Wimbledon just did not act in Korea's sand, says Peters

From his vantage point in the overseas guest trainers’ box at Seoul’s LetsRun Park racecourse on Sunday, James Peters knew he was in trouble after only one furlong.

As Singapore’s only Korean runner Wimbledon was sent on his way in the 700 million won Group 1 Keeneland Korea Sprint (1200m), it soon became clear the strides were not as fluid as they normally are on Polytrack back home.

While eventual winner, Japan’s Graceful Leap with champion jockey Yutaka Take up was gliding through Seoul’s notoriously deep sand in second place, Wimbledon (Daniel Moor), who was among the leading picks on the Singapore tote, looked a lot more laboured.

And it had nothing to do with the Snitzel six-year-old entire struggling to stay in touch because he was trapped four wide for most of the backstraight.

As local runner and race-leader Perdido Pomeroy (Lim Sung Sil) approached the long final wide expanse of sand to the judge, Graceful Leap throttled up into overdrive while Singapore’s flagbearer was in contrast backpedalling, like quite a few of the other runners making up the 15-horse field.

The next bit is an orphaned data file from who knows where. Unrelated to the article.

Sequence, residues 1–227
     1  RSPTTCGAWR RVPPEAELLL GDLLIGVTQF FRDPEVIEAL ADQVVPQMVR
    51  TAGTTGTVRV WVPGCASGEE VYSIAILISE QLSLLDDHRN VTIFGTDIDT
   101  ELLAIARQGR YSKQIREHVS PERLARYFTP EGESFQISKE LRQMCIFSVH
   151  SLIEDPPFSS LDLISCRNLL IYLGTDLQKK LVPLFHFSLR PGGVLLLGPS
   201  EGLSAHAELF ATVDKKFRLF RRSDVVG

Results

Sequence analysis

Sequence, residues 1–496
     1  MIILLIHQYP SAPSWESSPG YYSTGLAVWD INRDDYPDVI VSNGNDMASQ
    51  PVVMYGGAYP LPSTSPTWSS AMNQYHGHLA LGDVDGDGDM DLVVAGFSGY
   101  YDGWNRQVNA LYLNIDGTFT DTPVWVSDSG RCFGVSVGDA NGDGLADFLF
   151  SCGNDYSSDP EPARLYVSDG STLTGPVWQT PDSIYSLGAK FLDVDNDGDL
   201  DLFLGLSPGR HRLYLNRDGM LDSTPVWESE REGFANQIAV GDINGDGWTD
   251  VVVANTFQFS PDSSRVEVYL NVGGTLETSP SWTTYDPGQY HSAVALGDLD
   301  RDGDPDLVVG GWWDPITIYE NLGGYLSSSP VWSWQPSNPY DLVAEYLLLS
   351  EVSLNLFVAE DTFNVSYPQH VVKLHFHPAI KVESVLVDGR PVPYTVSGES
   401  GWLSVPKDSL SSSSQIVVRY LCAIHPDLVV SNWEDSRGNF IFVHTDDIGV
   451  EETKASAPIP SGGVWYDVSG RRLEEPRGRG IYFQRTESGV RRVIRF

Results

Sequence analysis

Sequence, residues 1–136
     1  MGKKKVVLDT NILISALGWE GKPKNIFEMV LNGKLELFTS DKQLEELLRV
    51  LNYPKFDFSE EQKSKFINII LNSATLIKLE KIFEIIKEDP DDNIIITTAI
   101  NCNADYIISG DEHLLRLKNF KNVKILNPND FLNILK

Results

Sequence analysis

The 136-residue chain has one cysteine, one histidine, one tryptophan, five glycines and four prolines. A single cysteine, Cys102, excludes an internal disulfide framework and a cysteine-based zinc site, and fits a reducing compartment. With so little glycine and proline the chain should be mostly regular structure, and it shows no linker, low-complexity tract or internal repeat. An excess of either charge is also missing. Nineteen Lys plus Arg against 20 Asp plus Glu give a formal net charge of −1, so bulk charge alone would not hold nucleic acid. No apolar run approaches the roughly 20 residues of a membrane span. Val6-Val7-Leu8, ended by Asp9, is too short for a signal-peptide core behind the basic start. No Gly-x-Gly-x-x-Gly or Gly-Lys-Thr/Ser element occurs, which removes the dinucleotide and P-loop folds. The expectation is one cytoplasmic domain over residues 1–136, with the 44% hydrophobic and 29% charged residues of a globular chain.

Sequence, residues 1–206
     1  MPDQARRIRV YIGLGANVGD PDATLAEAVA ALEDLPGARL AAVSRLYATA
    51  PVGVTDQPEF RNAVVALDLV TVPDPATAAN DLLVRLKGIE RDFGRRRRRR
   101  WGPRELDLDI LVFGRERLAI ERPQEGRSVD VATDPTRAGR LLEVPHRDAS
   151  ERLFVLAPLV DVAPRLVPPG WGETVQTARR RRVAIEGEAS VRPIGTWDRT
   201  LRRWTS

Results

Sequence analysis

Knowing the race was all over, Moor did not persevere as Wimbledon plodded on to 12th place, more than 13 lengths off the winner Graceful Leap. He was not the last of the international raiders, though, as Hong Kong’s Lucky Year (Nash Rawiller) finished the worst in 14th.

“I knew he couldn’t win after only 200m. You could see he was struggling to hold his spot,” said Peters who was at his first international experience in his young career as a trainer.

“He’s normally a good travelling horse, but basically as soon as he went past 100m, he was not comfortable on the surface. He just didn’t handle that deep sand at all.

“I don’t think it’s because he was four wide as he had to be there, which is probably better for him as he’s not getting any kickback.

“We knew all along the surface was a question mark. Obviously, it was disappointing, but the KRA has really looked after us so well. They have great facilities and it was still a good experience.

“Wimbledon’s pulled up fine and is flying back this evening. If I ever get an invitation by the KRA (Korea Racing Authority) again, I would definitely come over but you need to have the right horse for that surface.”

Peters is confident the China Horse Club-owned gelding will bounce back to his usual self once he returns to his homeland.

“He’ll be right. I’ve already set him for a 1200m race on Singapore Gold Cup day,” said Peters.

Japan made it a double in the other feature race, the 1 Billion won Group 1 Keeneland Korea Cup (1800m), after London Town (Yasunari Iwata) and last year’s winner Chrysolite (Yutaka Take) dominated the rest to finish daylight ahead in that order – four lengths between them and another 17 lengths to the next horse, US raider Papa Shot (Dylan Davis).